He cites a specific proposal, known as Draft Principle #6: “A charitable organization must make information about its operations, including its governance, finances, programs, and activities widely available to the public. Charitable organizations should also make information available on the methods they use to evaluate the outcomes of their work and are encouraged to share the results of those evaluations.”

Meyerson points out that there is already a great deal of mandated disclosure. What’s more, this draft principle intrudes on the privacy necessary to effectively manage charities.

Grant-making strategy and evaluation properly falls in this zone of privacy. So long as a foundation is making grants to legitimate public charities, there is no reason tax authorities or watchdog groups need to know why it is choosing some grantees over others. Quite the contrary, maintaining privacy enables foundations to exercise their honest judgment on this most sensitive of judgment calls. Maintaining privacy also protects the grant applicants not chosen and allows foundations to provide them with confidential advice.

How a foundation determines its philanthropic strategy-how it makes decisions about which grants to make, and how it evaluates performance by grant recipients-is an inherently private decision by a private organization. Foundations should feel free to reveal their grant-making strategy if they wish, and many find it in their interest to do so, but it is an unnecessary breach of privacy to compel them to do so.

Read more about this issue on the “Uncharitable Regulations” resource page at the Philanthropy Roundtable site.

The effort to create a top-level domain suffix for adult Web sites has failed, for the third time (HT: X3). ICANN voted 9-5 to defeat the proposal, which was roundly opposed by an unlikely alliance of religious groups and the adult entertainment industry.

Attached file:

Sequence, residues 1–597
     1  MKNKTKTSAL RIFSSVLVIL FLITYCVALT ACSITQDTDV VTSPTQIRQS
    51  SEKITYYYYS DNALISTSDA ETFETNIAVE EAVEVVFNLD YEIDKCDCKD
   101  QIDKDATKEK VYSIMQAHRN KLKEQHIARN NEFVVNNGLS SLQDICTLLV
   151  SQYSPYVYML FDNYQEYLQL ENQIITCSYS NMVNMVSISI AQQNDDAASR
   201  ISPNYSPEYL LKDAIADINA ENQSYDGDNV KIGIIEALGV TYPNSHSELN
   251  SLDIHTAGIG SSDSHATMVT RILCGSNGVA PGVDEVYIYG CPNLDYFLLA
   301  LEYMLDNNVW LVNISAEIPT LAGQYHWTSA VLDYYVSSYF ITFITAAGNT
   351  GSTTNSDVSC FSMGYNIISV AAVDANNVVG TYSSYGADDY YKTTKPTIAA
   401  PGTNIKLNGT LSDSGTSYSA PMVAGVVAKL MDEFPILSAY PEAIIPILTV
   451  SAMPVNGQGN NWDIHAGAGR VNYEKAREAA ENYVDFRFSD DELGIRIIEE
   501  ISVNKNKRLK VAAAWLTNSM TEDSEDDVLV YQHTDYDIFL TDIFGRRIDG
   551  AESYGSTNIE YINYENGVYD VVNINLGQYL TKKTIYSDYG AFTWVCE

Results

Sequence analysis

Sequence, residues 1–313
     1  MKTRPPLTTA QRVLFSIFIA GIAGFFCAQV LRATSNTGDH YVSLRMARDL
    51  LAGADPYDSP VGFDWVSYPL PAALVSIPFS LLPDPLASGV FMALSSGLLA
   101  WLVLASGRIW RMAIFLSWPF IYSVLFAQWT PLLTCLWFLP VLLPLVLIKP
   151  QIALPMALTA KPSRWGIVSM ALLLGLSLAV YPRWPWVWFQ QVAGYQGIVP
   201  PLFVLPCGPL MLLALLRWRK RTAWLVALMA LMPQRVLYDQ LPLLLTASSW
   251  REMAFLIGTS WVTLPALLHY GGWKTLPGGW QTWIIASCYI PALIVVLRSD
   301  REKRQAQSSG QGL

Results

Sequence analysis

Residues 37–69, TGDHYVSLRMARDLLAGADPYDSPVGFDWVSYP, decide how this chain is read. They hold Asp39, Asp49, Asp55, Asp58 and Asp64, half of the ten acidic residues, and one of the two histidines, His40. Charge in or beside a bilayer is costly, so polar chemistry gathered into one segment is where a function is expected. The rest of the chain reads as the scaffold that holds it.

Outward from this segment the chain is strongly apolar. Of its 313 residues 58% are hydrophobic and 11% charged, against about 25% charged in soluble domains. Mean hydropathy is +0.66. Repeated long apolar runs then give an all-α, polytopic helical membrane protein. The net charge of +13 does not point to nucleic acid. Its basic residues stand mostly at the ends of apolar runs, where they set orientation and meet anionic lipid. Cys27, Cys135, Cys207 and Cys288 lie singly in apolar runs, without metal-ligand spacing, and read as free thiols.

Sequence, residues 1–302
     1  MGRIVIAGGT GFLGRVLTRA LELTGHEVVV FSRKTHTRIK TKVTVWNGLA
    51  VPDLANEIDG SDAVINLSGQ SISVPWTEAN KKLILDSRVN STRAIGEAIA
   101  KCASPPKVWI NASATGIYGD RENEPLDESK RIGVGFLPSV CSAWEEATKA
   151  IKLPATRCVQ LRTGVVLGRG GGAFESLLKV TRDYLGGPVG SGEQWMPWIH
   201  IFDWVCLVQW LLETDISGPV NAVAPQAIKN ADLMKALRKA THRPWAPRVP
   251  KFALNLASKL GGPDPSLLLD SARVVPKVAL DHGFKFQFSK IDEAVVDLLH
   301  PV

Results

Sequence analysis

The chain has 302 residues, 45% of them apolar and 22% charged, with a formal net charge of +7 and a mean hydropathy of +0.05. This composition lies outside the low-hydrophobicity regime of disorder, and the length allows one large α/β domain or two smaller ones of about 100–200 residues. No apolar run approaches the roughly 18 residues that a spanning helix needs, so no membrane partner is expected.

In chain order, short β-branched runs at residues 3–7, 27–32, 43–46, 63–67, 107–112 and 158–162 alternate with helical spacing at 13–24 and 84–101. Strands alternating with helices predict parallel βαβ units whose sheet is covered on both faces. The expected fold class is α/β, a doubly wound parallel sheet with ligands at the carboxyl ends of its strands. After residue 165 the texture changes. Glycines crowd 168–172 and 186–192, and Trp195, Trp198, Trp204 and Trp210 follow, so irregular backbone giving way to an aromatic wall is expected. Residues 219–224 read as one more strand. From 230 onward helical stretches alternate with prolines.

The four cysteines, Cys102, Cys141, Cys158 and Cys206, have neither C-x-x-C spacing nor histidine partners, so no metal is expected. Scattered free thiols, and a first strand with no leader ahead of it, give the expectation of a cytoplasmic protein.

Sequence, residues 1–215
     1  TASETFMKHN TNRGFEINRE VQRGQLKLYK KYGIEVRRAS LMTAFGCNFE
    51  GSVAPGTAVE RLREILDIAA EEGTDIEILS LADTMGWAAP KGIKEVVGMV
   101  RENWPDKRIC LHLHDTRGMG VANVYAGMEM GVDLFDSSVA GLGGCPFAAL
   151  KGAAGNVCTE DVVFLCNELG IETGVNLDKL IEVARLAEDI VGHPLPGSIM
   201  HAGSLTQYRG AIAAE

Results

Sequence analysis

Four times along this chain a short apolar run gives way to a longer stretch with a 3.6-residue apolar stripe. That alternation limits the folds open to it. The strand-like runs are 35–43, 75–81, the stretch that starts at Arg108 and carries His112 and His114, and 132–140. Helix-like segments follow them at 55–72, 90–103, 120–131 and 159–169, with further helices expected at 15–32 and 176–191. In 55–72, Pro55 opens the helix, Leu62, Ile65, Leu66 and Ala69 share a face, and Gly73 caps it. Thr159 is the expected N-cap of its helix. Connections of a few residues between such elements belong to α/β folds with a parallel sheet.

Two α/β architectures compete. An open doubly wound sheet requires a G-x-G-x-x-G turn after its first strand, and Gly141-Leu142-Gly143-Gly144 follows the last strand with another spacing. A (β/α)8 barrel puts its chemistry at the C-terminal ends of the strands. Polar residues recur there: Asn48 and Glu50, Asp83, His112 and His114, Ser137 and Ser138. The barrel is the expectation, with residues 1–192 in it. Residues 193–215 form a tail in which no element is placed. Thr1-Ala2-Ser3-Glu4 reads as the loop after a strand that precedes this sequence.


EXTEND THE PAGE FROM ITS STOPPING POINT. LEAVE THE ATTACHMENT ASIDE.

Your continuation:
The proposal would have created a new “.xxx” suffix that would have allowed voluntary participation of adult content providers. Many in that line of work are concerned that such a voluntary program could become mandatory, “pushing them into a so-called online ghetto.”

Religious groups are concerned that such a voluntary program would simply legitimate pornographic content on the Web without effectively segmenting objectionable content from the rest of the Internet.

We’ve talked before about options for self-regulation that could function well in place of a dedicated domain suffix, such as an NSFW (not safe for work) HTML attribute.

But as long as the “.xxx” domain proposal includes a voluntary “opt-in” for adult sites, don’t expect the unlikely alliance of religious activists and pornographers to dissolve.

Blog author: jspalink
Wednesday, March 28, 2007

Despite all the hoopla surrounding the 50th anniversary of the Treaty of Rome, all is not well with the dream of a united Europe — at least as it’s envisioned by the political class and Brussels technocrats. In addition to its ongoing economic malaise, the European Union still seems unable to fully acknowledge its cultural, religious and political roots. “People who suffer from amnesia have great difficulty making sound choices about the future because they do not know where they have come from,” Samuel Gregg writes. “The same is true for Europe.”

Read the full commentary here.

Blog author: jballor
Wednesday, March 28, 2007

In a piece for The American Spectator earlier this week, Mark Tooley of IRD evaluates the global warming dust-up at the NAE.

In “Prepare for Biblical Floods and Droughts,” Tooley especially criticizes the reaction of emergent church leader Brian McLaren, who used the examples of Noah and Joseph to argue for the legitimacy of a prophetic voice on climate change.

Tooley writes that we can expect